When I started doing genealogy 30 years ago, I started recording my pedigree on an “IBM Programming and Charting Worksheet”, a sheet of paper 11″ x 15½” in size, lined with half-inch squares. Back in the dinosaur days of programming, sheets like these were used to document programs using flowcharts. By 1990, that was already long considered an obsolete programming technique. But I still had a pad of these worksheets. And for the past 30 years, I’ve steadily maintained this chart.
Here’s the Dutch side of my pedigree. Over the past few years, I haven’t had much chance to update it. Generally, I had thought I had reached the limit of records available on-line for each ancestral line. However, over the past week, I’ve been able to add six previously undiscovered ancestors to my pedigree. Four are indicated in green on that picture. (There’s no room on that page for the other two.)
Lena van Hagen
So about a week ago, I thought I’d have another go at pushing back my ancestry, starting with my 4th great grandmother Lena van Hagen. I knew she lived in Nijkerk in the mid to late 1700’s. But I couldn’t find her baptism record. Using the usual arsenal of on-line tools (WieWasWie.nl, FamilySearch.org, and GeldersArchief.nl), I now decided on a different tack. I looked for marriage records in the early 1700’s for people named “van Hagen”. I came up with two marriages. The first, dated 1740, didn’t match. After marrying, that couple moved to Harderwijk and had a number of children, none of whom were named “Lena”.
The second turned out more successful. Early in 1744, Arent van Hagen married Anna Maas in Nijkerk. I then found a baptism record dated 4 months later for Lena, daughter of Arent Cornelissen and Annetjen Maas. All together, I found 5 baptisms for children of Arent and Anna. Although the marriage listed Arent by his surname “van Hagen”, every other record refers to him by his patronymic “Cornelissen”.
This evidence isn’t the greatest. I’ve seen cases before of people referred to by either surname or patronymic in different records. In some cases, I have found records that included both, which added confidence to my conclusions. I wish the evidence here was better. But I’m still adding Arent van Hagen and Anna Maas as two 5th great grandparents, and will look for more evidence to support that conclusion.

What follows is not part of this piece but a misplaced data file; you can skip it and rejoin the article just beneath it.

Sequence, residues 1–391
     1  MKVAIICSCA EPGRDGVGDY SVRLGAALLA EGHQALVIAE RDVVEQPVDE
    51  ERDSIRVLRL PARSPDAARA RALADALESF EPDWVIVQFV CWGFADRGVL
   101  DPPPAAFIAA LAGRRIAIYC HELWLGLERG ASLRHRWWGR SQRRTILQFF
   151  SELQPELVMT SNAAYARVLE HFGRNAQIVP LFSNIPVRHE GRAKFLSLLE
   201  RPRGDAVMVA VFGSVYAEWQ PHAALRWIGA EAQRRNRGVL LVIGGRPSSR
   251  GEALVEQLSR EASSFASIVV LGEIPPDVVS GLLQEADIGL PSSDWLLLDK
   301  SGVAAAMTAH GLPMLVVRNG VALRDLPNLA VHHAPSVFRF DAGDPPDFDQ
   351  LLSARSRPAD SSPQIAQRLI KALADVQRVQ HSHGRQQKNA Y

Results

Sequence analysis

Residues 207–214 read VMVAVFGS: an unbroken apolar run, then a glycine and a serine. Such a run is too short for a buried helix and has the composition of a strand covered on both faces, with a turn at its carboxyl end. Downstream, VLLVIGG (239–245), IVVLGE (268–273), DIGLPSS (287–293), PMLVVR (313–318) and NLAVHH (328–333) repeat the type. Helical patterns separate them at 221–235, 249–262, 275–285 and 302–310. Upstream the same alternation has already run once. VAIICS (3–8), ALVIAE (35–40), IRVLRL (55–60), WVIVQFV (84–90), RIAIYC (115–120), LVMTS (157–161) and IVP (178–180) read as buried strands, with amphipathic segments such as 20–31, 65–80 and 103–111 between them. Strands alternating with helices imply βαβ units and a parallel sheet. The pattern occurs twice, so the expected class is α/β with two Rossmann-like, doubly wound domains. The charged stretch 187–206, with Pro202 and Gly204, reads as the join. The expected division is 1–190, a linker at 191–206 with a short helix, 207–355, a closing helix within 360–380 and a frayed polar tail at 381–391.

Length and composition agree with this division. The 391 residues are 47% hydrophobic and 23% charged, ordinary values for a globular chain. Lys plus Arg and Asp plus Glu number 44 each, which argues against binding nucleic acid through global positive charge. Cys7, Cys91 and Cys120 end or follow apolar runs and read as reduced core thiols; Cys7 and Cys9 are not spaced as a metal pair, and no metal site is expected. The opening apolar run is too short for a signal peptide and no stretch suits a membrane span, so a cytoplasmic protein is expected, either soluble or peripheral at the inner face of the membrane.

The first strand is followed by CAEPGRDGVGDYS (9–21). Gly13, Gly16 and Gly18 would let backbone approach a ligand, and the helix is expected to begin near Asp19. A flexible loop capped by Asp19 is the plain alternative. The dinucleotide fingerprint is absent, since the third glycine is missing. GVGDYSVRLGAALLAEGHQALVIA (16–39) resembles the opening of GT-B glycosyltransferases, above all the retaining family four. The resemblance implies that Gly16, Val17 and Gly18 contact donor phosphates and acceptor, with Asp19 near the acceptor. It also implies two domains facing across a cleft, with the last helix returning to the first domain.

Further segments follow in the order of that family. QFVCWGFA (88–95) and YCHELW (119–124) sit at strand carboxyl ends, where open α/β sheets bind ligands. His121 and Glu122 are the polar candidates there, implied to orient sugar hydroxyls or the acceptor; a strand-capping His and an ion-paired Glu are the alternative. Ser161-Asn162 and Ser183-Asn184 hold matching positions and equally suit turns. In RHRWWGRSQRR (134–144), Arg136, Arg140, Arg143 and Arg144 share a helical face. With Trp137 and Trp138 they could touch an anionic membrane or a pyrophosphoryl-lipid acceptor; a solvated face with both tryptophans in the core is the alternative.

The next brick wall I looked at was my 4th great grandmother Heintje Wouters (also known as Hendrikje Wouters). Unfortunately, there’s no progress to report on that front. She lived in the village of Hoevelaken, and I haven’t found any church records covering when she was born. Maybe she was baptized in neighboring Nijkerk? If so, I would run into another problem since there was another Hendrikje Wouters alive at roughly the same time, living in Nijkerk. At some point, I will make another attempt to attack this roadblock.
Which brings me to my 4th great grandmother Weimptje Dirks. Before, I couldn’t go further back with her since FamilySearch did not have the church records for the town of Ede, where she was born. Well, FamilySearch isn’t the only game in town. With a bit of digging, I found the Ede church books on the GeldersArchief web site, and quickly found her baptism, dated 1760. Her parents were Dirk Jurrijsze and Lijsbeth Evertsze, my 5th great grandparents. Plodding through the baptism records, I found another 10 children in the family. Of the 11 kids, only two reached adulthood.
Could I go back further? I couldn’t find a marriage record in Ede for Dirk and Lijsbeth (also known as Elizabeth). I had a hunch I’d find it in the neighboring village of Lunteren. At first I resisted looking there since as far as I could tell I had no good reason to. But I still did, and there I found their marriage record dated 1758. That record indicated that Dirk, or Derck, was born in Renkum. Then, in the Renkum church books, I found a matching baptism record. Derck was baptized in 1726 with parents Jurjie Janssen and Anna Gijsberts, my 6th great grandparents.
In conclusion, I’ll make a couple of points. First, it never hurts to go back and revisit those brick walls. The indexes are always improving and more and more historical records are being added to the various web sites.
Second, trying to come up with definitive conclusions when going through the pre-1811 Dutch church records is rarely easy. In all of these cases listed here, I wish the evidence was better. But as far as I’m concerned, it’s at least good enough to record and use as a base for further research.
When I was learning genealogy 30 years ago, the recommended practice was to record a fact first in pencil. Once you had three corroborating pieces of evidence, you could then go back and retrace the fact in pen. It’s just bloody hard to reach that level of confidence reading those old Dutch church books.